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Systematic review and meta-analysis of prognostic factors for idiopathic inflammatory myopathy-associated interstitial lung disease
  1. Hiroyuki Kamiya1,
  2. Ogee Mer Panlaqui2,
  3. Shinyu Izumi3,
  4. Takashi Sozu4
  1. 1 School of Population and Global Health, University of Western Australia, Perth, Western Australia, Australia
  2. 2 Department of Intensive Care Medicine, Northern Hospital, Epping, Victoria, Australia
  3. 3 Department of Respiratory Medicine, National Center for Global Health and Medicine, Tokyo, Japan
  4. 4 Department of Information and Computer Technology, Faculty of Engineering, Tokyo University of Science, Tokyo, Japan
  1. Correspondence to Dr Hiroyuki Kamiya; mlb04194{at}nifty.com

Abstract

Objective To clarify prognostic factors for idiopathic inflammatory myopathy (IIM)-associated interstitial lung disease (ILD).

Design Systematic review and meta-analysis using the Grades of Recommendation, Assessment, Development and Evaluation system.

Data sources Medline, EMBASE and Science Citation Index Expanded were searched through 9 August 2018.

Eligibility criteria for selecting studies The review includes primary studies addressing all-cause mortality of IIM-associated ILD. Potential prognostic factors were any clinical information related to the outcome.

Data extraction and synthesis Two reviewers extracted relevant data independently and assessed risk of bias using the Quality in Prognostic Studies tool. Meta-analysis was conducted using a random effects model and if inappropriate the results were reported qualitatively. Prognostic factors were determined based on statistically significant results derived from multivariate analysis.

Results Of a total of 5892 articles returned, 32 were deemed eligible for analysis and cumulatively, these studies reported 28 potential prognostic factors for all-cause mortality. Each study was subject to certain methodological constraints. The four prognostic factors, which demonstrated statistically significant results on both univariate and multivariate analyses, were as follows: age (MD 5.90, 3.17–8.63/HR 1.06, 1.02–1.10 and 2.31, 1.06–5.06), acute/subacute interstitial pneumonia (A/SIP) (OR 4.85, 2.81–8.37/HR 4.23, 1.69–12.09 and 5.17, 1.94–13.49), percentage of predicted forced vital capacity (%FVC) (OR 0.96, 0.95–0.98/HR 0.96, 0.93–0.99) and anti-Jo-1 antibody (OR 0.35, 0.18–0.71/HR 0.004, 0.00003–0.54) (univariate/multivariate, 95% CI). Other prognostic factors included ground glass opacity/attenuation (GGO/GGA) and extent of radiological abnormality. The quality of the presented evidence was rated as either low or very low.

Conclusions Older age, A/SIP, lower value of %FVC, GGO/GGA and extent of radiological abnormality were demonstrated to predict poor prognosis for IIM-associated ILD while a positive test for anti-Jo-1 antibody indicated better prognosis. However, given the weak evidence they should be interpreted with caution.

Trial registration number CRD42016036999.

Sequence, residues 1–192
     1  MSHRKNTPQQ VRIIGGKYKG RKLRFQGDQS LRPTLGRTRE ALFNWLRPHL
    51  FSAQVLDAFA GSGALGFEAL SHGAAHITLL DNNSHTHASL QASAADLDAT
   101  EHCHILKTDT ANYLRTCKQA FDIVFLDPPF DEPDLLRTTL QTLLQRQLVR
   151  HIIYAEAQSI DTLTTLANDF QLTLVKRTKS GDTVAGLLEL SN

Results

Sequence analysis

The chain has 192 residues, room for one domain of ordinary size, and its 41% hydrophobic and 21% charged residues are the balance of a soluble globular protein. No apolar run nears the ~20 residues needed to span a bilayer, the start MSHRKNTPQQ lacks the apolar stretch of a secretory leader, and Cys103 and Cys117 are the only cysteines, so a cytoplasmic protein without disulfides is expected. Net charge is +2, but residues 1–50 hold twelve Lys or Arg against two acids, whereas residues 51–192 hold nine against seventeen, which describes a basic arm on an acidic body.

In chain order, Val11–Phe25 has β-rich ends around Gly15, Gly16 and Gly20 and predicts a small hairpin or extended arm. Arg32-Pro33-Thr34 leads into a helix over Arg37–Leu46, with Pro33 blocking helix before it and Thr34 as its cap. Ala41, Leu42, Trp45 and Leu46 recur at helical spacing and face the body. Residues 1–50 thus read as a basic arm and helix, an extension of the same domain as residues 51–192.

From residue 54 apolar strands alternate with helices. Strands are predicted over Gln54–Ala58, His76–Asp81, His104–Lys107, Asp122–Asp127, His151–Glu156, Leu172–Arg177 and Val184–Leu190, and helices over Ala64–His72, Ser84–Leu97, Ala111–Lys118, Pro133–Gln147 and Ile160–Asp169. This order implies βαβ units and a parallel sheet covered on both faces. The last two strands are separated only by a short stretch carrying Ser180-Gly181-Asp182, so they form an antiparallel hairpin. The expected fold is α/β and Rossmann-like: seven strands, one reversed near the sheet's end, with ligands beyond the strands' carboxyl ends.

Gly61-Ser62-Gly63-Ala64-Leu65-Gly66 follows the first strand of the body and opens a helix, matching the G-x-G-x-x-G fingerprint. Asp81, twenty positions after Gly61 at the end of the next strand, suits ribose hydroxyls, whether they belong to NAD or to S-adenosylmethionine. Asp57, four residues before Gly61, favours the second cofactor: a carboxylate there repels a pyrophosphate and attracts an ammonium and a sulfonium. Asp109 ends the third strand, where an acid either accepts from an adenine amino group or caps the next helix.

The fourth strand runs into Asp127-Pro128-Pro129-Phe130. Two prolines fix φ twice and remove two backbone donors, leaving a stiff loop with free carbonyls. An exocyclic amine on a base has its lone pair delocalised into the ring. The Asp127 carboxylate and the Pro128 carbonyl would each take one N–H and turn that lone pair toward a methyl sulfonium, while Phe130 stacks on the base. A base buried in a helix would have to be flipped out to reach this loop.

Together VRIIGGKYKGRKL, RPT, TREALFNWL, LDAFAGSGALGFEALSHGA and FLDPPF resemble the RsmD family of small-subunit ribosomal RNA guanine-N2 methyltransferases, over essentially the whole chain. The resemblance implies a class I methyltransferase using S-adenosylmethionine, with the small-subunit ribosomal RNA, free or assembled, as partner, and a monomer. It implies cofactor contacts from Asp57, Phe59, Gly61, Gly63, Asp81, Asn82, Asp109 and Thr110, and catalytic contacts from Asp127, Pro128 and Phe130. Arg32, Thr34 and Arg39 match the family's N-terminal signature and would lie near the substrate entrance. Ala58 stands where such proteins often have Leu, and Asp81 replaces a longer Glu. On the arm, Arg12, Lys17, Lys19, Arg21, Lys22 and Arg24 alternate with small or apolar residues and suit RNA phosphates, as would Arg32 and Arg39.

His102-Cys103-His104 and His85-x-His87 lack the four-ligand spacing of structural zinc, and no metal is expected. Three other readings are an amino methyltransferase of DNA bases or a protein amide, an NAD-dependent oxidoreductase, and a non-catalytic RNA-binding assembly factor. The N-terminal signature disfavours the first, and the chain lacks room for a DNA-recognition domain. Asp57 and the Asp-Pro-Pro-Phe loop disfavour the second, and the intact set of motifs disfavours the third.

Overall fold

• idiopathic inflammatory myopathy
  • interstitial lung disease
  • prognosis
  • systematic review
  • meta-analysis

This is an open access article distributed in accordance with the Creative Commons Attribution Non Commercial (CC BY-NC 4.0) license, which permits others to distribute, remix, adapt, build upon this work non-commercially, and license their derivative works on different terms, provided the original work is properly cited, appropriate credit is given, any changes made indicated, and the use is non-commercial. See: http://creativecommons.org/licenses/by-nc/4.0/.

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Footnotes

  • Contributors HK planned the entire research project and analysed the data. He also summarised the result and wrote the manuscript. HK has full access to the data and takes responsibility for its integrity as well as the accuracy of the analysis. OMP contributed to the design of the research project and conducted the literature search and data extraction. He was also involved in revising the manuscript. SI contributed to the design of the research project, in particular, selecting the appropriate sample population. TS contributed to the planning of statistical analysis, in particular, determining the appropriate statistical methods to report summary effects and data synthesis. All researchers provided thoughts and opinions to compile a draft paper with revisions and then approved the final version of the manuscript.

  • Funding The authors have not declared a specific grant for this research from any funding agency in the public, commercial or not-for-profit sectors.

  • Competing interests None declared.

  • Patient consent Not required.

  • Provenance and peer review Not commissioned; externally peer reviewed.

  • Data sharing statement The data set used and/or analysed for this review will be available from the corresponding author on a reasonable request and may become open to the public through a digital repository (such as Dryad) after the final result is published in a journal.

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